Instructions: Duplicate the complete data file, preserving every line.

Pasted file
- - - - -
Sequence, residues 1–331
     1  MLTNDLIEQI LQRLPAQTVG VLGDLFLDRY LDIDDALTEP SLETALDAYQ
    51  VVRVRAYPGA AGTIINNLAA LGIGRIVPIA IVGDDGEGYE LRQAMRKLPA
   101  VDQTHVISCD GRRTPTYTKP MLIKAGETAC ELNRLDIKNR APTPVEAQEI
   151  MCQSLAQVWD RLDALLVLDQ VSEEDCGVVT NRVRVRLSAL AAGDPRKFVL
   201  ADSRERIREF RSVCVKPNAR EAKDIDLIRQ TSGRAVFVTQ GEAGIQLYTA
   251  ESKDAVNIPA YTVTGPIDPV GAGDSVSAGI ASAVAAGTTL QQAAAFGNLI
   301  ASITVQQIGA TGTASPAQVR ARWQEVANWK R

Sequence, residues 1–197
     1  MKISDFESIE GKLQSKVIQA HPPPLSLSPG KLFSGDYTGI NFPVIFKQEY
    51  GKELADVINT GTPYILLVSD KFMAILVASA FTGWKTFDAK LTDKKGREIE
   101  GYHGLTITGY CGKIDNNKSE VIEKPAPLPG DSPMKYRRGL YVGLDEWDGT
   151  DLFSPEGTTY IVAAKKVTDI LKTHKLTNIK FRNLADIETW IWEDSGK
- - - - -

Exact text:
Sequence, residues 1–331
     1  MLTNDLIEQI LQRLPAQTVG VLGDLFLDRY LDIDDALTEP SLETALDAYQ
    51  VVRVRAYPGA AGTIINNLAA LGIGRIVPIA IVGDDGEGYE LRQAMRKLPA
   101  VDQTHVISCD GRRTPTYTKP MLIKAGETAC ELNRLDIKNR APTPVEAQEI
   151  MCQSLAQVWD RLDALLVLDQ VSEEDCGVVT NRVRVRLSAL AAGDPRKFVL
   201  ADSRERIREF RSVCVKPNAR EAKDIDLIRQ TSGRAVFVTQ GEAGIQLYTA
   251  ESKDAVNIPA YTVTGPIDPV GAGDSVSAGI ASAVAAGTTL QQAAAFGNLI
   301  ASITVQQIGA TGTASPAQVR ARWQEVANWK R

Sequence, residues 1–197
     1  MKISDFESIE GKLQSKVIQA HPPPLSLSPG KLFSGDYTGI NFPVIFKQEY
    51  GKELADVINT GTPYILLVSD KFMAILVASA FTGWKTFDAK LTDKKGREIE
   101  GYHGLTITGY CGKIDNNKSE VIEKPAPLPG DSPMKYRRGL YVGLDEWDGT
   151  DLFSPEGTTY IVAAKKVTDI LKTHKLTNIK FRNLADIETW IWEDSGK